Watch it or not, there is no doubt you are very aware of Game of Thrones. But did you know that before there was the acclaimed (and widely popular) T.V. show, the story already had a massive cult following? I can almost hear the book snobs going duh!. But what exactly makes this story so captivating? Here are a few reasons to help you understand why you are so helplessly hooked (or if not watching yet, why you should)

The group of works collectively known as A Song of Ice and Fire (ASOIAF) by George R.R. Martin stepped into the spotlight with its first installment, A Game of Thrones in 1996. The book was met with critical acclaim and by the fourth installment of the series, A Feast for Crows, it caught the attention of future showrunners David Benioff and D.B. Weiss. They pitched the concept of a series to HBO and won over Martin in the most epic manner:

The series premiered in 2011, and surprising absolutely no one, completely nailed it in the ratings (and pirating). Millions finally got a taste of what book readers had known for years

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Yes, the nudity is plentiful, but there’s so much more to the story

It may be fantasy, but it’s still believable

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From left: The Battle of Bosworth / War of the Roses (source, Battle of the Trident / ASOIAF (source)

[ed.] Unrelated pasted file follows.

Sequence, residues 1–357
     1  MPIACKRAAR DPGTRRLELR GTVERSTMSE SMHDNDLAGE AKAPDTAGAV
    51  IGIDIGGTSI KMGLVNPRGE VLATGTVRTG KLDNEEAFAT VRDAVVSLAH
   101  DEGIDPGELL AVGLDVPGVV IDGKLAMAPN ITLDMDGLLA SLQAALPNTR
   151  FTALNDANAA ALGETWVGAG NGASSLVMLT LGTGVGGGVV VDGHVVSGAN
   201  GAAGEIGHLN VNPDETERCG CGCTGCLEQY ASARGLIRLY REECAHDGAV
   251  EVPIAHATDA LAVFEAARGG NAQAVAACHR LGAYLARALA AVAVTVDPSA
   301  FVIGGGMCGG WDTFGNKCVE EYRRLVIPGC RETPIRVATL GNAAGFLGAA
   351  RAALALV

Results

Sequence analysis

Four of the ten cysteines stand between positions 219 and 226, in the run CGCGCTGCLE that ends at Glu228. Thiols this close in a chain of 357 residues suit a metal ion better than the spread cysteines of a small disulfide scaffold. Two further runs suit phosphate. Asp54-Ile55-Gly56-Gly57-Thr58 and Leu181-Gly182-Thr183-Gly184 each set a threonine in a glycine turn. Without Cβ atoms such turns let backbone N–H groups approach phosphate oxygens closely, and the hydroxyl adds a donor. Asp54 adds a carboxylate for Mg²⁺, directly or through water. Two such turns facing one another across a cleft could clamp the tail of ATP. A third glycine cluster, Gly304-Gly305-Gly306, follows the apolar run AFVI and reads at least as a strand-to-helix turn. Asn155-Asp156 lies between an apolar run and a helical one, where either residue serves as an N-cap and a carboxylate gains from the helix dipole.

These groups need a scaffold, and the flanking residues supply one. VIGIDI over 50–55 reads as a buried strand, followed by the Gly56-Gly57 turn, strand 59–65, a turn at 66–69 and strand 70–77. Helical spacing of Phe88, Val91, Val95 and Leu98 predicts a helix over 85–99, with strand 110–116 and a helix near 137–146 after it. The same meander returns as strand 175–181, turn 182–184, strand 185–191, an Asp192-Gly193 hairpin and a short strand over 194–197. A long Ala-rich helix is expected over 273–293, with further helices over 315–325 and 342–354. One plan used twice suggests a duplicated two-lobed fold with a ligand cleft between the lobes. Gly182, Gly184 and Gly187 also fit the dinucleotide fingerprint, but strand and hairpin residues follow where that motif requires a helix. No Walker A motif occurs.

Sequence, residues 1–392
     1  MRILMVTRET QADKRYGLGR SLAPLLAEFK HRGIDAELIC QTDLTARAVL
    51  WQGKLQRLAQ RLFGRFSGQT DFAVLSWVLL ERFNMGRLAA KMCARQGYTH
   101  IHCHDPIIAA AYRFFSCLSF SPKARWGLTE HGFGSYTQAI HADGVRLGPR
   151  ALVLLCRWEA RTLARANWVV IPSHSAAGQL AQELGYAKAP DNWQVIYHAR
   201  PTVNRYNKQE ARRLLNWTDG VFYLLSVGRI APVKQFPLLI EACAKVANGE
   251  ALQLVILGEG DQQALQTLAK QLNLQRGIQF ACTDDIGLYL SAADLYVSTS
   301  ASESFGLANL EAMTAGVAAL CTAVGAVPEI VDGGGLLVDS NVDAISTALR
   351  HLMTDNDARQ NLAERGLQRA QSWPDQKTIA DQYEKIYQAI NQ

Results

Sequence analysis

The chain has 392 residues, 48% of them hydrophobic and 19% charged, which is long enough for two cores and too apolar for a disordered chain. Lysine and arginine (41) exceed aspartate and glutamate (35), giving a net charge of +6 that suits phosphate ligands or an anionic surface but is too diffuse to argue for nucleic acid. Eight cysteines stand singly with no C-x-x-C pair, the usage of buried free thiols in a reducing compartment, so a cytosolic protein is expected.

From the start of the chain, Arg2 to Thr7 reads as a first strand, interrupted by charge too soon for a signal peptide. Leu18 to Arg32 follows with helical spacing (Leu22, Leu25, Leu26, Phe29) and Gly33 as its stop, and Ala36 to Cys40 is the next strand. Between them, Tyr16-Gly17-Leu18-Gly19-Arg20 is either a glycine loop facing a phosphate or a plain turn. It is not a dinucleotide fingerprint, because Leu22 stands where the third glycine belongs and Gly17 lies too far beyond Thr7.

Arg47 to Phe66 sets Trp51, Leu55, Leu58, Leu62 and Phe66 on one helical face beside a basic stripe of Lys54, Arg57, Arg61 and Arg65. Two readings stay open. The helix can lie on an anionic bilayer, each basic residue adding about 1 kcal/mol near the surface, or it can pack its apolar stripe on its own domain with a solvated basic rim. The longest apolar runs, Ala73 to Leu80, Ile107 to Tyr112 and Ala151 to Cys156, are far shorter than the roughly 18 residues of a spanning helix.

Martin took real historical events and geography as inspiration for the tale. There are plenty of parallels between the conflict for the Iron Throne in ASOIAF and The War of the Roses in Medieval England (even the names of the real players, York / Lancaster, sound a bit like Stark / Lannister). Geographically speaking, this fictional world takes a lot of the real one: The North takes a lot from Northern England (even the actors in the series playing Nothmen have the accent) and the Wall seems to share a similar objective as Hadrian’s Wall (no, as far as history tells us, there were no creepy ice people north of that wall). King’s Landing is London and Braavos is very similar to Amsterdam or the old kingdom of Venice. The storyline is just familiar enough to make you want to learn more, even though once in a while it hits you with a few fantasy elements. And speaking of these…

The fictional parts are pretty epic, too

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A perfectly normal individual from a really cold place (source)

 
You’ve no doubt heard the saying “Winter is Coming”. Not only is that the sigil from House Stak, one of the protagonist families in the story, it also serves as a reminder that this is a fictional land. And why does that remind us of the fictional nature of the world? You see in the ASOIAF world, seasons last years, sometimes even decades. When somber characters make a mention of  “winter is coming”, it’s an ominous a warning as can be. Just imagine living a decade of winter, mind you! With winter also comes another fantasy element of the story, the White Walkers. There is not much we know about them, except they are creepy and we should all be very afraid. The humans in the story experience plenty of magic to go around. Greenseers, maegi, wargs, Faceless men are all part of the plot. Did I mention there are dragons, too?

The line between right and wrong is thin and barely visible

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The most awesome morally bankrupt guy, ever! (source)